Since March is running away from me this will probably be my last Cranky Women post, and because of that I am making it a sample meal. I still have twelve (!) people I want to write about, but I think I might limit it to these four because I’m just a little bit lazy.
In mostly chronological order:
Okay I have one more queen for you. Just one. This one is also named Kristina, often referred to as Kristina Gyllenstierna (Kristina Gold Star, which is a pretty great name if you ask me) to distinguish her from the other one. At age 17 she married Sten Sture den yngre, and when he became a king in everything but name following what sounds like a coup of some kind (I’m too lazy to research this in detail, bear with me) she suddenly found herself a queen of sorts.
The actual king, Kristian II of Denmark (later nicknamed Kristian Tyrant here in Sweden — read on to see why) wasn’t a huge fan of this, and invaded the country. When her husband died Kristina suddenly found herself a leader of the resistance against king Kristian. She defended Stockholm against his troops for months, but eventually capitulated after being promised amnesty. Unfortunately Kristian was a lying liar who lied a lot, and after he was made a king he invited people to a feast, which somehow derailed into what’s called Stockholms blodbad (Stockholm blood bath). It’s pretty much what it says on the tin: at least 80 people were either beheaded or hung at hastily raised gallows, and their bodies burnt on a fire. Kristina’s late husband was dug up and thrown on the fire as well, and she was asked if she’d prefer to be burnt at the stake or buried alive. She is said to have fainted from the horror of such a choice (I do hope this was a ruse of some kind, because honestly, isn’t that an awesome way to get out of that sort of decision?), and ended up being thrown in jail instead.
Three years later Kristian was overthrown by Gustav Vasa, and the Danes kicked him to the curb as well. In 1525 the two countries finally managed to make peace and she was released. Gustav Vasa saw her as quite a threat since she’d become a bit of a national symbol, almost as big of one as he was, and it was arranged for her to marry some dude and retire from politics. Which she did.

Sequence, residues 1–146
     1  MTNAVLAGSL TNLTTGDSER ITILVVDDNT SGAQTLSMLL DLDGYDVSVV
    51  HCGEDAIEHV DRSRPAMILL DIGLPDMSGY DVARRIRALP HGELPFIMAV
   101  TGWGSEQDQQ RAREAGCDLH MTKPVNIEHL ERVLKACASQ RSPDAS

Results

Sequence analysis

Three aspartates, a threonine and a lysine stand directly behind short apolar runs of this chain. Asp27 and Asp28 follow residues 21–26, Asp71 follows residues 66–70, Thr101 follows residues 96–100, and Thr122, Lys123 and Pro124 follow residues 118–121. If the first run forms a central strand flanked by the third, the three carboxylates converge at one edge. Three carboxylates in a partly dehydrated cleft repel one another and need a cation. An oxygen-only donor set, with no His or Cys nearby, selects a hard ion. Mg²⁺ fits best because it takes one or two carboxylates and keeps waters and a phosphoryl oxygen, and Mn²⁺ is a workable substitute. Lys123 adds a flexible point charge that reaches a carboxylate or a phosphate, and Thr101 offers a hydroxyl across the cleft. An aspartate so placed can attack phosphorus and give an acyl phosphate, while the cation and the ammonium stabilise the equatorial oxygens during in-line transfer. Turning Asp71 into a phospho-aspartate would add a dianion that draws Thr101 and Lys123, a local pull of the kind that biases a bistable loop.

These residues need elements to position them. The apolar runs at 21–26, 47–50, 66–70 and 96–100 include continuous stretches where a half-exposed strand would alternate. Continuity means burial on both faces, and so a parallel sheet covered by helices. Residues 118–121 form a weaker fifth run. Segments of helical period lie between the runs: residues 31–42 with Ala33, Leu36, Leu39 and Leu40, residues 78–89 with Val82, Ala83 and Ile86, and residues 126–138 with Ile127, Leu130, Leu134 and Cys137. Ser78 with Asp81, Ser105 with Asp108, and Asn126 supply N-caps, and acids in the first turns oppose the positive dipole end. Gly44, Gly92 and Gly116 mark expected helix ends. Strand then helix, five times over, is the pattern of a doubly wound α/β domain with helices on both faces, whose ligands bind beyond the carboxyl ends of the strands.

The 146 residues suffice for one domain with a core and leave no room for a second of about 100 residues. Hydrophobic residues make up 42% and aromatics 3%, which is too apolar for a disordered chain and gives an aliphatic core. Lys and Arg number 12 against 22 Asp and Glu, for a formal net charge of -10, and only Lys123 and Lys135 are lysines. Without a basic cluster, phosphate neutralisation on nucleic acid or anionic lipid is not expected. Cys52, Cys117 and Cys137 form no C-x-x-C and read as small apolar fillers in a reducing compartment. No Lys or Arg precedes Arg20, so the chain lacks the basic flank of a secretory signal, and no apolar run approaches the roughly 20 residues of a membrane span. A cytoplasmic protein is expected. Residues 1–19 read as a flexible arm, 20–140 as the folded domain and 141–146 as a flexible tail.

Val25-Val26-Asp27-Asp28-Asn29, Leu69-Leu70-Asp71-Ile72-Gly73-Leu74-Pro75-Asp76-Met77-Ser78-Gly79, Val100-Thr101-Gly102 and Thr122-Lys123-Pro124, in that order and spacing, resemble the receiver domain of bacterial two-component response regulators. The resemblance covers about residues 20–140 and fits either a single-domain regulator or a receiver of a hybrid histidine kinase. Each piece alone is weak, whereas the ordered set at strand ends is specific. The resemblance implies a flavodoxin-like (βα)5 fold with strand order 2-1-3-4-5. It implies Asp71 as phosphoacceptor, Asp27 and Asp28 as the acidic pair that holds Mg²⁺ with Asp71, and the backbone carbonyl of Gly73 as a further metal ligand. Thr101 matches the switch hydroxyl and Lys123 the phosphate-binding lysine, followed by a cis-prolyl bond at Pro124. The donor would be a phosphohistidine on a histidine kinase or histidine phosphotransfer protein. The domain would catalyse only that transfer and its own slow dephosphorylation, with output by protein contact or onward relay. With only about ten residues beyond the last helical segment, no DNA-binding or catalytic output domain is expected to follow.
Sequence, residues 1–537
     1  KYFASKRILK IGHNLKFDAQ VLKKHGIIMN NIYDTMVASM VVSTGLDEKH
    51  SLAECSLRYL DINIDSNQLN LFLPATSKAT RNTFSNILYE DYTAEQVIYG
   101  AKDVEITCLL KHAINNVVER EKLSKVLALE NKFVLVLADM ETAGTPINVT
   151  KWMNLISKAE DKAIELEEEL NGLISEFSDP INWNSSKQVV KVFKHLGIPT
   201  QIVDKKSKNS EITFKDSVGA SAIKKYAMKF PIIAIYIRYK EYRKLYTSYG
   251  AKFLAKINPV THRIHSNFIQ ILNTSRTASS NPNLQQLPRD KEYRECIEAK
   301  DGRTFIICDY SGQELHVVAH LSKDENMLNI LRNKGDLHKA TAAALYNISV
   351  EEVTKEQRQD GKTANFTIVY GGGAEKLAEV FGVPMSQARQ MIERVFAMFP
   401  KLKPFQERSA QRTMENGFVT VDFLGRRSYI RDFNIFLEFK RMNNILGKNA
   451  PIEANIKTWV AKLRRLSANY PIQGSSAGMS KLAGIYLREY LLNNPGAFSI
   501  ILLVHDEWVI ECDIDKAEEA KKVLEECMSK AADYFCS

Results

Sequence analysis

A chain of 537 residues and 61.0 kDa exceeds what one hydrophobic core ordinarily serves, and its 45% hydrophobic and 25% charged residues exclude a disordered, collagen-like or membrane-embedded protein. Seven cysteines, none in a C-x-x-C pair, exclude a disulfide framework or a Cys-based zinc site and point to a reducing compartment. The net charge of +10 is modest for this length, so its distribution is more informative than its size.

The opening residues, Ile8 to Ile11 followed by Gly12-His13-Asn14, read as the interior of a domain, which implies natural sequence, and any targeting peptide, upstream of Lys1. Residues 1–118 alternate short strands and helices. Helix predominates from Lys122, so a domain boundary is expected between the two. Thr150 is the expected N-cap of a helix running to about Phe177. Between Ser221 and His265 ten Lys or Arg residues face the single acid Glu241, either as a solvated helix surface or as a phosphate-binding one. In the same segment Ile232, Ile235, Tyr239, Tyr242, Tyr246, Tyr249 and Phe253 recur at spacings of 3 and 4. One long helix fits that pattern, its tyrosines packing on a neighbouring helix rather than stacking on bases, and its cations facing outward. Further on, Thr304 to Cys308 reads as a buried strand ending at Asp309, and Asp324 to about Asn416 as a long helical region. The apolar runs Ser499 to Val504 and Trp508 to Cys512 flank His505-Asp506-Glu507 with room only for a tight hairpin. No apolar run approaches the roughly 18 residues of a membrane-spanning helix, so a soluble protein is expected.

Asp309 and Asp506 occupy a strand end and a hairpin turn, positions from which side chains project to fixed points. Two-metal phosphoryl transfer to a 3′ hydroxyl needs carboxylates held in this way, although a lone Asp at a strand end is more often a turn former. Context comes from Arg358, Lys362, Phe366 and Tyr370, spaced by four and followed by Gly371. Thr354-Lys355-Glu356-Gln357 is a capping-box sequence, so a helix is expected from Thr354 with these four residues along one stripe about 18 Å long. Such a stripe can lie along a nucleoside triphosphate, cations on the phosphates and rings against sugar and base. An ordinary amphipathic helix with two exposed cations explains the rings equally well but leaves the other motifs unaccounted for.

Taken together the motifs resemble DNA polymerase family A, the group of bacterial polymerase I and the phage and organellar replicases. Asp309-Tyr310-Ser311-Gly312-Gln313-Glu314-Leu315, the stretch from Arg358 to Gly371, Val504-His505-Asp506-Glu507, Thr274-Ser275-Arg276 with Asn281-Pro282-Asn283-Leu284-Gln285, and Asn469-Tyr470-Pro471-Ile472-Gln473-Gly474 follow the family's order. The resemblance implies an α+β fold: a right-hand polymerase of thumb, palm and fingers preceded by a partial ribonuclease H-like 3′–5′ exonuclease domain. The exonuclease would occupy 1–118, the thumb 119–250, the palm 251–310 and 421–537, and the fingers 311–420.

PS. This all happened on a square in what is now Gamla Stan (Old Town), and let me tell you, it’s always a bit freaky to walk across it. I know it’s been 500 years, but seriously. BLOOD. BATH.
Fredrika Bremer (1801-1865) is considered one of the Swedish feminist movements most important activists. Her novel Hertha (1856), which was about the lack of freedom for women at the time, became very influential, and raised a debate that contributed to a law of legal majority for adult, unmarried women. It also brought up the idea of higher formal education for women, and six years after its publication the first university for women was founded. The book has cemented Fredrika Bremer as one of the Swedish feminist movement’s founders, although arguably she wasn’t the first to voice these ideas.
Many of her works were translated to English and in Little Women mrs March reads from one of her books, which is pretty damn cool if you ask me. And of course there were people criticising the way she looked at dressed — one account claimed that if you dressed like her it didn’t matter how intelligent and brilliant you were, you still look like a monster. Which, yeah, is an excellent to rag on a brilliant woman. Some things never change, it seems.